The Open Sleep Journal




(Discontinued)

ISSN: 1874-6209 ― Volume 8, 2015

Estrogens Administration in Female Transsexuals Augmented Delta and Rem Sleep Stages after Six Months of Treatment


The Open Sleep Journal, 2015, 8: 1-8

Evalinda Barrón-Velázquez, Daniel Santana, Pamela Espinosa, Rafael J. Salin-Pascual

School of Medicine, National University Autonomous of Mexico, Hidalgo 187 casa 7, Barrio del Niño Jesus, Tlalpan, Mexico City 14080, México.

Electronic publication date 10/3/2015
[DOI: 10.2174/1874620901508010001]




Abstract:

The transsexual condition (TS) (Gender Dysphoria DSM-5) people have a marked incongruence between the gender they have been assigned at birth and their experienced/expressed gender. There are variations in brain structures that express reproductive behavior mainly in the hypothalamus. Also, there are sleep differences between non-transsexual female and male. This gender dimorphism in the sleep regulation is due to anatomical changes previously reported in the hypothalamus, which would suggest that it could also find significant differences in sleep architecture in transsexual persons, before and after hormonal treatment with estrogens.

Six persons diagnosed with gender identity disorder according to DSM IV-TR, were studied. Also 16 healthy volunteers men (n=6) and women (n=10) were included. A polysomnography base study in which a baseline night recording as well as at 3 and 6 months was performed, with a portable polysomnographic system, for MTF transsexuals. Healthy volunteers were studied only one baseline night. Hormone therapy was administered as conjugated estrogens 0.625 mg/d. (Premarin- Pfizer), within six months of the present protocol, there were measurements of hormone levels at baseline, three to six months.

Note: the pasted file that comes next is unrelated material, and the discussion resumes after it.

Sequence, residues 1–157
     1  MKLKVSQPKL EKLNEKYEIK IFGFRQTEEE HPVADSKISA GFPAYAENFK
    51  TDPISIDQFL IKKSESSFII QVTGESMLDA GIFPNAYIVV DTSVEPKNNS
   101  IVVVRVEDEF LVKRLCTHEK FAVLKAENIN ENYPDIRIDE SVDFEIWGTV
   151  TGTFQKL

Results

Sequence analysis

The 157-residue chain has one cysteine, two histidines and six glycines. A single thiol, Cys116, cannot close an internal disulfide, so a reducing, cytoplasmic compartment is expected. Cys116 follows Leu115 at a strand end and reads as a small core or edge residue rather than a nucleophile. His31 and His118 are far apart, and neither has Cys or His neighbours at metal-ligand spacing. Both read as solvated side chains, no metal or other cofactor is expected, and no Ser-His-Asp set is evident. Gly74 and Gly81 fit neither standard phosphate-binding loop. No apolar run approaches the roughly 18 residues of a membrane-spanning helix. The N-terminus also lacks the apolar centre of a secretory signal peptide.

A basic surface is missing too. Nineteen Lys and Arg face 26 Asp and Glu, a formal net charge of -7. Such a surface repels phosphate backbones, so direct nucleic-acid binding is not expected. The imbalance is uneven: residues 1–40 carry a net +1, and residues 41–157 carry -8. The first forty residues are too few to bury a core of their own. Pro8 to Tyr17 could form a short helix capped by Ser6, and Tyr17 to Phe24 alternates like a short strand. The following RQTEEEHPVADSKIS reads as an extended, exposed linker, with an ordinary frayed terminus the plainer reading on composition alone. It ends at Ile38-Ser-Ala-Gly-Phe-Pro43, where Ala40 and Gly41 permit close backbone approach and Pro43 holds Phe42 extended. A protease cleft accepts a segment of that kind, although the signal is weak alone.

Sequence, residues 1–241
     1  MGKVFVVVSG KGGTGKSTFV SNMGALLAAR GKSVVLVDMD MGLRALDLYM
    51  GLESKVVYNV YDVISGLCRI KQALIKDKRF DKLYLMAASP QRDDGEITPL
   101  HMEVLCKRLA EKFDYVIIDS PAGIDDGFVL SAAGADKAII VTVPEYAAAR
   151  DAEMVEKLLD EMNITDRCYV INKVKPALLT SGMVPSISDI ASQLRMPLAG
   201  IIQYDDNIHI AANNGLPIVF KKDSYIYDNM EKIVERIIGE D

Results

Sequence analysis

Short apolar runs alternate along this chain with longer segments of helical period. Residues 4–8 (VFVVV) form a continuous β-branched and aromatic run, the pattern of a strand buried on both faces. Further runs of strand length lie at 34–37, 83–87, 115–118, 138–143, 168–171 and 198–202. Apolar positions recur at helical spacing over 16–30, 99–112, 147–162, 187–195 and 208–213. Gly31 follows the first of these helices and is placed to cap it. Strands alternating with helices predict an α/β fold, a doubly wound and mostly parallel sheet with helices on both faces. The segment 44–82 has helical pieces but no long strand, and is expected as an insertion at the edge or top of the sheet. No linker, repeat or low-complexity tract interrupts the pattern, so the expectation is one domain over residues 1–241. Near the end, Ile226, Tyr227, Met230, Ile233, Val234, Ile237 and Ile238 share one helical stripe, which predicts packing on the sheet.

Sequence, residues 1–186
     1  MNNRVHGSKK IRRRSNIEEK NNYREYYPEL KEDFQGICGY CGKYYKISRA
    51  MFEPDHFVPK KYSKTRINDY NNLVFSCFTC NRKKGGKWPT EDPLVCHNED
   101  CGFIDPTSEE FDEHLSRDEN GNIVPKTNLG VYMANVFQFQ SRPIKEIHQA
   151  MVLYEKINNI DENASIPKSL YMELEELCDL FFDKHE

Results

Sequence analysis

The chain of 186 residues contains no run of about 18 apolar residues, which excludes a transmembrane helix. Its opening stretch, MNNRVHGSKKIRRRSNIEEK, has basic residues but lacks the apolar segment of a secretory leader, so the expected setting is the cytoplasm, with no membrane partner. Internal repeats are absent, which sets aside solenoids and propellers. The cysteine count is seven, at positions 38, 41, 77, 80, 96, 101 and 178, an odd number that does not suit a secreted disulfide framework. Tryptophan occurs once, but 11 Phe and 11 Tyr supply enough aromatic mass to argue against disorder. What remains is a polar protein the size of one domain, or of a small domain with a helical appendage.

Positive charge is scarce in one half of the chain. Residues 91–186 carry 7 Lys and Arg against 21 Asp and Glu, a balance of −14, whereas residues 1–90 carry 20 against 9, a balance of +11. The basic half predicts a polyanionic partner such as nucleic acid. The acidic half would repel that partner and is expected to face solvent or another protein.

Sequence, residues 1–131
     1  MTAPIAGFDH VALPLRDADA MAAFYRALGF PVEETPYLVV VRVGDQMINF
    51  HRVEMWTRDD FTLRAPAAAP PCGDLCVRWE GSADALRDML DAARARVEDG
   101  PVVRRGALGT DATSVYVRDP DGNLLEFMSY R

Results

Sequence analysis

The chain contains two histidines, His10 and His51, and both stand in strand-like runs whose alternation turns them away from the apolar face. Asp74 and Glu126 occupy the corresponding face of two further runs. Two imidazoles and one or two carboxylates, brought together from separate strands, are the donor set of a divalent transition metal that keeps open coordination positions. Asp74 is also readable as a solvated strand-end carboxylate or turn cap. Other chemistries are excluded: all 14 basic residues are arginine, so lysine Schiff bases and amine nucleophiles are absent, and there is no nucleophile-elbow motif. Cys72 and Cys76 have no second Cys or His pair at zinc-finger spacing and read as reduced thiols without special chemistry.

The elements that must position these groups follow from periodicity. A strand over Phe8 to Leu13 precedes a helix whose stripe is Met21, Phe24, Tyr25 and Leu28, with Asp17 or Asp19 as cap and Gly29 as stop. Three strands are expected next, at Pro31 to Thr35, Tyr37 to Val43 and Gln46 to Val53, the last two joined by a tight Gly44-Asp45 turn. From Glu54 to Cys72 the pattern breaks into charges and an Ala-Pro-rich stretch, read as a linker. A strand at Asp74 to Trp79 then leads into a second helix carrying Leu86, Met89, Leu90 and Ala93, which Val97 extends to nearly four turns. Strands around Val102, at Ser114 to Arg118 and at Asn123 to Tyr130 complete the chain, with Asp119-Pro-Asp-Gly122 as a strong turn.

A descriptive analysis of sexual hormones in plasma, before hormone treatment and sleep variables were performed. They were within normal distribution. The Kolmogorov Smirnov test to asses normality within sleep variables showed normal distribution, so that parametric tests for comparison of those variables could be made. The main significant differences between male and female controls were that the second group had short sleep latency and higher REM sleep time and REM sleep percentage. Sleep variables between female controls and MTF after six months of estrogens had differences in sleep stages 2, 3 and REM.

Then a correlation analysis between the hormone levels at different time of their administration and percentages for each of the sleep variables at baseline, 3 and 6 months were performed and it was found that the proportion of N2 is linked to changes in the levels of luteinizing hormone having a Person correlation coefficient of - 0.484. Finally, an ANOVA and post hoc analysis was performed to see the difference between sleep variables in transsexual subjects at baseline and at 6 months vs. non-transsexual women and men.

Conclusions: The main findings of the present study were that after six months of treatment with estrogens in MTF transsexuals there was an increase in sleep stages 2, 3 and REM, comparing with female controls, and that correlates with luteinizing hormone.


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